Note: I write this confessional so that you may email it to your spouse. Or learn from it yourself? Either way.
Confession. Empathy is not automatically easy for me.
I was born with a brain that would have guaranteed my certain demise had I lived in a time where Sabertooth tigers roamed. Linear, logical, prone-to-dissociation, pathologically calm- whatever you want to call it, my neurological nature (by wiring, info goes into my cortex and lingers instead of jumping to my amygdala) doesn’t get me fired-up about a lot. Of the two main psychological defense mechanisms for distress- shutting-out/minimizing and completely absorbing/maximizing- my brain decided to go with “shutting out/minimizing.” And, like many people you may know (or may be married to?), I’ve been perfecting this strategy for over three decades.
Left to my automatic mode, I wouldn’t get upset when you’re upset; I wouldn’t get excited about much either; and, having never felt it myself, I’d probably classify your upset as “drama.” I’d be the stereotypical “cold and detached spouse” who is married to the stereotypical “crazy spouse.” I’d roll my eyes at the guy on the street and tell him to get a job; I’d raise my voice to shut out my kid’s sadness about being sidelined at the game (Does this sound like anyone you know?)…If I hadn’t learned better.
My job allows me to intentionally take down walls and feel what it feels like to be in someone else’s shoes. With professional boundaries in these relationships (read: No overlap of identities, enough room in the relationship to honor both of our unique perspectives.), and my sole focus on the entirety of the person sitting across from me, empathy is natural, and my shared feelings are very real.
However. At home, like many people with my similar psychological make-up, I get “empathy blocks” sometimes. It’s hard to lean into someone else’s feelings and perspectives if I am, in a split second, telling myself something ridiculous. The ridiculous automatic thoughts that serve as empathy blocks at home are generally, “His distress is silly, since I don’t feel similarly,” and “if I acknowledge his distress, I will make his distress worse by dramatizing it.”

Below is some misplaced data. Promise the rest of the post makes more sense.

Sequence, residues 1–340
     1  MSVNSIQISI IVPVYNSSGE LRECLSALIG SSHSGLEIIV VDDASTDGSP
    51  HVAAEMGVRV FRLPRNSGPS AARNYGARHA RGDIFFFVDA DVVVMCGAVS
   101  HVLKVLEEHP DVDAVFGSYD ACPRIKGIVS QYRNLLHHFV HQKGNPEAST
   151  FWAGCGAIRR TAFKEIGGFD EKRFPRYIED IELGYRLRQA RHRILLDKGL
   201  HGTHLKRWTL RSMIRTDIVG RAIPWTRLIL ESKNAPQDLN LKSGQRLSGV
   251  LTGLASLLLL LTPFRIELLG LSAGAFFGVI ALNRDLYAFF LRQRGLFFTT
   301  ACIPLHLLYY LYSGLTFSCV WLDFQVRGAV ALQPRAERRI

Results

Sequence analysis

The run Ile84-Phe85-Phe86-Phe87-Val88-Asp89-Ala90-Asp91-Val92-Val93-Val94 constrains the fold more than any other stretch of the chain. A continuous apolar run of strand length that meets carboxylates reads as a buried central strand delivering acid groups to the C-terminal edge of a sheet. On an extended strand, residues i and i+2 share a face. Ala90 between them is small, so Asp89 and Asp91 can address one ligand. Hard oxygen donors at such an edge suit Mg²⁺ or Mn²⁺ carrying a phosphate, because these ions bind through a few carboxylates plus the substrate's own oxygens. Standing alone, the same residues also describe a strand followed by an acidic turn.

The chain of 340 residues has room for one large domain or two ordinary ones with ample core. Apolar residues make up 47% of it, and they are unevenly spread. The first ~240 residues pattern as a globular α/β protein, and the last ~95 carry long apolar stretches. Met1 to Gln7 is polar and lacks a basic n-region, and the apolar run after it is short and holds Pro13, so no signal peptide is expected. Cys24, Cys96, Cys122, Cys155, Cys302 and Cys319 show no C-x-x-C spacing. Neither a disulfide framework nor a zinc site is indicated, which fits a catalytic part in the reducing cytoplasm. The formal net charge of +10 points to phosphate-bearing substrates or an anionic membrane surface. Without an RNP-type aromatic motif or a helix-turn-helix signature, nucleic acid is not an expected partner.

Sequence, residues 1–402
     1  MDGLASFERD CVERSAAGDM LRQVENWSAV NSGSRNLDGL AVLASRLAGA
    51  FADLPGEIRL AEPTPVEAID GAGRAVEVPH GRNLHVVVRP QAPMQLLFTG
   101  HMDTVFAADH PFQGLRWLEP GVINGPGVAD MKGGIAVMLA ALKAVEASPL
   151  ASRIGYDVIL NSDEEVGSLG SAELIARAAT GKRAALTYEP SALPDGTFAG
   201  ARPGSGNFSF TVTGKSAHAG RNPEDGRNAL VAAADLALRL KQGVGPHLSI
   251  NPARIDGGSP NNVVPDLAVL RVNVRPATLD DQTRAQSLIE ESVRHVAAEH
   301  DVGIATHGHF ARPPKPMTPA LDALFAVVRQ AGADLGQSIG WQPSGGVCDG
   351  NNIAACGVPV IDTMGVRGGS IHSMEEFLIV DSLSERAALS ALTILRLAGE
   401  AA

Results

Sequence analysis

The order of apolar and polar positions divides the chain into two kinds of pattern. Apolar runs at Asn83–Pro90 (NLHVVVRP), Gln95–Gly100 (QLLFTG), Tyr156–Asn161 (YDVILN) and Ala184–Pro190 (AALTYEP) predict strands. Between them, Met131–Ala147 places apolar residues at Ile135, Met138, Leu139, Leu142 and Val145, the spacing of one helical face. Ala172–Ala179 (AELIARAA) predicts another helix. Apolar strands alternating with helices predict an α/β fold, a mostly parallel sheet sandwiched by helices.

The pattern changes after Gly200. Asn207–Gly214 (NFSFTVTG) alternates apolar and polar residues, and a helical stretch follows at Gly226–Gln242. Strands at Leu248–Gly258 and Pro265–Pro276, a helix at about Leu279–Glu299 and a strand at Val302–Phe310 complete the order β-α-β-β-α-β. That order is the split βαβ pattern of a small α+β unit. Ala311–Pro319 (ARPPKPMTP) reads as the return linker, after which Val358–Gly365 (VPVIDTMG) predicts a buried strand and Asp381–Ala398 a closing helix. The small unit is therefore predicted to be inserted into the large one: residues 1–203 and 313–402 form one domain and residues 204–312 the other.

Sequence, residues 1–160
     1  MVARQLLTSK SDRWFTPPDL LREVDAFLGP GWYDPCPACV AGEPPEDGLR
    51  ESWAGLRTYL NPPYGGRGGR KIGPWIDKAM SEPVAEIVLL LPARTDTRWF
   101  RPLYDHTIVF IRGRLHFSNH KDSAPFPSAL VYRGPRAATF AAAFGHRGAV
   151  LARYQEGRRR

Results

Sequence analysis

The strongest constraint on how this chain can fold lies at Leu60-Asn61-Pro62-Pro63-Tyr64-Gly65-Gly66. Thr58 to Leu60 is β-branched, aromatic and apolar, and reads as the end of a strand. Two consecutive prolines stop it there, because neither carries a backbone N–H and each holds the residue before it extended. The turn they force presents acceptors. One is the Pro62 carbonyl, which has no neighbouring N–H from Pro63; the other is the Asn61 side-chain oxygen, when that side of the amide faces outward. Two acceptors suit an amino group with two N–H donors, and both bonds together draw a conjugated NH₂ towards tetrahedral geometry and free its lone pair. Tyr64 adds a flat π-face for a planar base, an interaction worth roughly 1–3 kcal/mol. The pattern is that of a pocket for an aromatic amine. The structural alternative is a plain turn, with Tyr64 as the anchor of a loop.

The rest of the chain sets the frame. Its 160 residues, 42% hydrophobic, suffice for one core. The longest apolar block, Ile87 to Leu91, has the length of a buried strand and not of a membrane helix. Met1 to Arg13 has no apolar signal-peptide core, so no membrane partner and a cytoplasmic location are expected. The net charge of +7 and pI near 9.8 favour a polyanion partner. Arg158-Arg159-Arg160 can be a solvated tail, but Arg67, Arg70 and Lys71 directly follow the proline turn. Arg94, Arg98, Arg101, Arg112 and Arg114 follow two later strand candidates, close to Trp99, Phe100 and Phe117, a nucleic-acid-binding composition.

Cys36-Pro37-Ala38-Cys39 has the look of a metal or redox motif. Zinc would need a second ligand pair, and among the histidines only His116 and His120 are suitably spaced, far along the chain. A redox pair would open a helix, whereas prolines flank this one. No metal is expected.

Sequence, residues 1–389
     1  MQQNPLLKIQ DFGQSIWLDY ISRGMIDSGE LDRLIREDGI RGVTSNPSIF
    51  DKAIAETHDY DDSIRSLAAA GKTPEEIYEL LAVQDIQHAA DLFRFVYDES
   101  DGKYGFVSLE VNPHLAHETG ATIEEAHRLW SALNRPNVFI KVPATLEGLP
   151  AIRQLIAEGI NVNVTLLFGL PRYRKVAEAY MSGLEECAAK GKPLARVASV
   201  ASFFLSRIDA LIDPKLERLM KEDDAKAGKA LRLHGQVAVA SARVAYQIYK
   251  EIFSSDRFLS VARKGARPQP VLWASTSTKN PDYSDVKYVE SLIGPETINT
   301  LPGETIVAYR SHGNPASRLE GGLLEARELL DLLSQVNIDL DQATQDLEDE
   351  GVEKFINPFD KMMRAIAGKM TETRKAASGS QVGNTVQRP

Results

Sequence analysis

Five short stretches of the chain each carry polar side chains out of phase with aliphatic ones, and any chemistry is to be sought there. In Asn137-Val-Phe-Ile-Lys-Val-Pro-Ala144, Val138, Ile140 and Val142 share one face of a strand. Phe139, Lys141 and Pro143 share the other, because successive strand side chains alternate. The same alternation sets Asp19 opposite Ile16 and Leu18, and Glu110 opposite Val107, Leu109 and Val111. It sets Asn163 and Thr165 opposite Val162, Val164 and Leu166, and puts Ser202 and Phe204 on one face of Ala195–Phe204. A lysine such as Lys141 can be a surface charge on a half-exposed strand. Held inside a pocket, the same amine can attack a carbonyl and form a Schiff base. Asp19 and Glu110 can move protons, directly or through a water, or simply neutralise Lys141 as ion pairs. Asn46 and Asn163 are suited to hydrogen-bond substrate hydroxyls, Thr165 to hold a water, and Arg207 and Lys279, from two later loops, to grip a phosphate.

(Other common empathy blocks are resentment shame, and anxiety. People who are stuck in anger, or who have protectively shut-off access to all vulnerable feelings, or who are reacting to control urges/fear, cannot access empathy.)
Here’s an example that I think is relatable to many people:
My 5 year old son started crying when he found out he wasn’t going to get his own care bear from his aunt (she had sent one care bear as a gift for my two younger boys to share). Acting more on fear than reality, he also started angrily yelling at his little brother that he NEVER SHARES! His sensitive little brother, who looks up to big brother soo much, started crying devestated tears. My split second thoughts were, “There’s no way he could be that upset about a toy. Gimme a break.” and “I better not validate this because he will think it’s ok to be greedy and take out his frustration by unfairly bad-mouthing his brother.”
“That was mean!” I shouted. “How do you think your brother feels that you were yelling at him? It’s only a toy! You go give your brother a hug and tell him you’re sorry for hurting his feelings!”
Oops. My empathy blocks totally made everyone feel worse. My five year old went running and crying upstairs to his room, and not only did he not hug his younger brother, but he was now probably resenting him and jealous of his mom’s understading of brother, but condemnation of him.
Thank goodnesss that whenever we act on our split second thoughts, we can always regroup and repair.